EAST LIVERPOOL - What may seem to be a hefty windfall for the city with the recent finalization of a lawsuit against Buckeye Water District really isn't, according to city officials.
After nearly eight years of court battles and appeals, the city was recently awarded $6.2 million from BWD, which was sued for breach of contract after its board decided to stop purchasing water from the city as it had agreed to do.
Although the city is the actual recipient of the total award, what that money can be used for is severely limited, according to Auditor Kim Woomer.
Because the contract breached was for the sale of water, all of the court award must go into the water department fund, not the city's general fund, Woomer said.
"The city could take the interest, but it won't, since the water department gave us $1 million," Woomer said, adding that the interest paid in the court case amounts to between $300,000 and $400,000.
The $1 million to which Woomer referred is the amount the city is owed by the water department for a water line project completed in 2005-2006 for which the city obtained a loan, instead of using water department funds.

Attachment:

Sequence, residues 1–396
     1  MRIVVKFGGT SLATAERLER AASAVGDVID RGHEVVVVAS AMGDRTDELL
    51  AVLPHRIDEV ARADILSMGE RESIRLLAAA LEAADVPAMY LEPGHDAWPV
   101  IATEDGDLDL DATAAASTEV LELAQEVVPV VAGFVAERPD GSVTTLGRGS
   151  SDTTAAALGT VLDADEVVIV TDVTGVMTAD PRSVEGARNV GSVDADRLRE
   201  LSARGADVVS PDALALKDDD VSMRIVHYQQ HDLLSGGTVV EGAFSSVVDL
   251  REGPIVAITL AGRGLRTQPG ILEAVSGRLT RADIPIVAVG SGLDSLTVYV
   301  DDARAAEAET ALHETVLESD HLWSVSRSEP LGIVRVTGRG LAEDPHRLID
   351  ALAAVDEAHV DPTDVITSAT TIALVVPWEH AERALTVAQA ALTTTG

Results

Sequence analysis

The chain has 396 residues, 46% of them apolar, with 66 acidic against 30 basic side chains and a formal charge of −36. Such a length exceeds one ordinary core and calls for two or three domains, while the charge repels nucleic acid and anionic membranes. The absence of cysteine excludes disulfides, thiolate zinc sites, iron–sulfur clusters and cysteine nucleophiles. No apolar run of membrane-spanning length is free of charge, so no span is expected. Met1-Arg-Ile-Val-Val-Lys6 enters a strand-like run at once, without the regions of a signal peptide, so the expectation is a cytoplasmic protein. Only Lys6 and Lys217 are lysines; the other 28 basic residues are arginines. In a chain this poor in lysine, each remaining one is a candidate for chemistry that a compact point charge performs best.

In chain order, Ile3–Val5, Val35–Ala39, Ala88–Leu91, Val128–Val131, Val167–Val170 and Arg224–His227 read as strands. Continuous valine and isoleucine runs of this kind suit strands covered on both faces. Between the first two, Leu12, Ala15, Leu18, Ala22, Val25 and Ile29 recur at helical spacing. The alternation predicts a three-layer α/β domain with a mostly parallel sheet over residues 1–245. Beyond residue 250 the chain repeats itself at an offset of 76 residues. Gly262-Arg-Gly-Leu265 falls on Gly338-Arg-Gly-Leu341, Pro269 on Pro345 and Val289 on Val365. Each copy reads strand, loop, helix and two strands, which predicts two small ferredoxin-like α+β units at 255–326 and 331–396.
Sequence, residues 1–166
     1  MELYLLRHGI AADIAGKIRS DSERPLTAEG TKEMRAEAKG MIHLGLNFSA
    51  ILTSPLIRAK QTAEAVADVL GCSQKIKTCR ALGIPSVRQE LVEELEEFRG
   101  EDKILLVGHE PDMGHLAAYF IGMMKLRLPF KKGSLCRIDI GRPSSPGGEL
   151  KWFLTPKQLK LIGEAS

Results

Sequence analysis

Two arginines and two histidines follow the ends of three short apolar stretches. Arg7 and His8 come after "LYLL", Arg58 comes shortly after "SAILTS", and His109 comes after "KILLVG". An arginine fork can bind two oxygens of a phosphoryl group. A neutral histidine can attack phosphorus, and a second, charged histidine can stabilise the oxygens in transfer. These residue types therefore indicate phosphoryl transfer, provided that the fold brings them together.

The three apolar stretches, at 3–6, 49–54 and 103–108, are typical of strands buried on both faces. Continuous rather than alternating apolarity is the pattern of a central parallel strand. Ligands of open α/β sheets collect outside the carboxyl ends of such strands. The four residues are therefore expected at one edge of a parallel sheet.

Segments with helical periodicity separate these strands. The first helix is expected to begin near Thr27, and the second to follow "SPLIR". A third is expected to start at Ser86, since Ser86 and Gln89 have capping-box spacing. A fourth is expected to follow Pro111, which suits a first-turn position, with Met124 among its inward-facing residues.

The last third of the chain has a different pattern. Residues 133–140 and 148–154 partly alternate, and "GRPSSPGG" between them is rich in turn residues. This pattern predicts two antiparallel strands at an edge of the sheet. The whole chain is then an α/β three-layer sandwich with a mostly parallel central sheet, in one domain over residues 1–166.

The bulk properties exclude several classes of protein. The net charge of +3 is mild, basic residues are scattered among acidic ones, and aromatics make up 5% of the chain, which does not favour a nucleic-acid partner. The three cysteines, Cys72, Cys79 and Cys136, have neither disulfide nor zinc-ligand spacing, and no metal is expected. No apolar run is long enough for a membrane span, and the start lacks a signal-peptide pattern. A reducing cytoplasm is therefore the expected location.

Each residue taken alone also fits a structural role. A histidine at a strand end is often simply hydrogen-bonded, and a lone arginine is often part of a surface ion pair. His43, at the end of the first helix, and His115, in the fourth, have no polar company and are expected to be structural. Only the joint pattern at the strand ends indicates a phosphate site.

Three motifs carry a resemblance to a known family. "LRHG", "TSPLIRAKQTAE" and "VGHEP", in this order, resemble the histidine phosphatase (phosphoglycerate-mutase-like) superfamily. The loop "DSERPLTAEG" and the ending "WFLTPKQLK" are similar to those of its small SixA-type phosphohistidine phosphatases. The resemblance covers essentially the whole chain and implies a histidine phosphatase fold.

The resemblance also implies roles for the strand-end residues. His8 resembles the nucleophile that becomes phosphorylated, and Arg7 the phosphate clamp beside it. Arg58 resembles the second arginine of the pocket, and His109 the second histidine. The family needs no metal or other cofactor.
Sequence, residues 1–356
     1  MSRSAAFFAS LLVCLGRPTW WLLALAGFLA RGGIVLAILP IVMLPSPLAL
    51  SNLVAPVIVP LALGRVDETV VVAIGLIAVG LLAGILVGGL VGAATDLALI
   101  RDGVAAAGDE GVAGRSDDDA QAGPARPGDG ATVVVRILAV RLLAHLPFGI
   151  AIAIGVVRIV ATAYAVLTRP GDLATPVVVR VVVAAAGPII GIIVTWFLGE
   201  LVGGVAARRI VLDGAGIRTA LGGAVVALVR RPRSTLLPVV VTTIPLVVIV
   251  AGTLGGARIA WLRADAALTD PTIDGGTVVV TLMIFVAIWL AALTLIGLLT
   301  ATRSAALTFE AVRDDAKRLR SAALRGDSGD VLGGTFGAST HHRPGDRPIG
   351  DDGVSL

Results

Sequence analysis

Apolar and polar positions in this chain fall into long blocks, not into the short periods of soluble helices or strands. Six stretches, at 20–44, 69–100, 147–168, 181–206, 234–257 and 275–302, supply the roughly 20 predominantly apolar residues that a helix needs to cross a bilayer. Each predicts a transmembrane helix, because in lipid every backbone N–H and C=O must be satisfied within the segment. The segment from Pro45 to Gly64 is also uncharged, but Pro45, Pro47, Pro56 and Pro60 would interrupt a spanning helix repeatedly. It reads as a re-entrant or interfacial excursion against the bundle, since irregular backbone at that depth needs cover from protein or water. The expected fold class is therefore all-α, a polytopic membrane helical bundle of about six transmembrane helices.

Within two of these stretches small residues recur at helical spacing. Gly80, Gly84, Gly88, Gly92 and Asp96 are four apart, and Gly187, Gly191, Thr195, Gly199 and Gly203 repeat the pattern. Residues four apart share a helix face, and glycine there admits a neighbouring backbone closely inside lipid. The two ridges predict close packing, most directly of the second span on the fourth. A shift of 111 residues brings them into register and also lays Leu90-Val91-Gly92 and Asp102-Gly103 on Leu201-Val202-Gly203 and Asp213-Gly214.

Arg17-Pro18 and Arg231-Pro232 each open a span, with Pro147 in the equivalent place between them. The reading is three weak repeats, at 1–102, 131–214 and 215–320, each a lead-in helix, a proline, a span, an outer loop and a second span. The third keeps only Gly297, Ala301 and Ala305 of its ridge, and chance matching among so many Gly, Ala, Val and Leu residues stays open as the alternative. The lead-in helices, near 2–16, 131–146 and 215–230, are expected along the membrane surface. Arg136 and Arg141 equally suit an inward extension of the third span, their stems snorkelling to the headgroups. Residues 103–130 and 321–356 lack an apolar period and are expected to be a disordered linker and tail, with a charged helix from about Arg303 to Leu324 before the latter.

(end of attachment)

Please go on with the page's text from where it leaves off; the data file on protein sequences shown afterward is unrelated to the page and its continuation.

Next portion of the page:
Of that amount, $550,000 will, in turn, be repaid to the Community Improvement Corporation (CIC) and 1st National Community Bank for money loaned to the city to finalize the purchase of the former Riverview Florist property.
The CIC loaned the city $95,000 from its mineral lease funds and also secured a $455,000 short-term loan from the bank which was then loaned to the city, with the expectation of repayment once the water department repaid the $1 million to the city.
So, essentially, the city's general fund will see none of the $6.2 million until the water department repays the $1 million owed.
The $450,000 remaining from the $1 million once the CIC is repaid could be used in a number of ways, according to City Council's finance Chairman Sherrie Curtis, who said several specific uses have been discussed, with none yet decided upon.
Thus far, none of that money has been appropriated because it has yet to be received, Curtis emphasized.
The water department will be able to use the rest of the money for a variety of projects, Woomer said.
"It's a big windfall for them," she noted.
The water department will have to use some of the $6.2 million to pay $383,884 in legal fees related to the court battle with BWD, which includes the cost of attorneys and witness statements, Woomer said.
In addition to the money paid to the city for the court case, the BWD is also paying out of its coffers the cost of its legal fees, according to district fiscal officer Tony D'Angelo.
He estimated $129,049 has been paid to the district's attorney Fred Emmerling for the case, while another $440,886 has been paid to the law firm of Stumphauzer & Toole.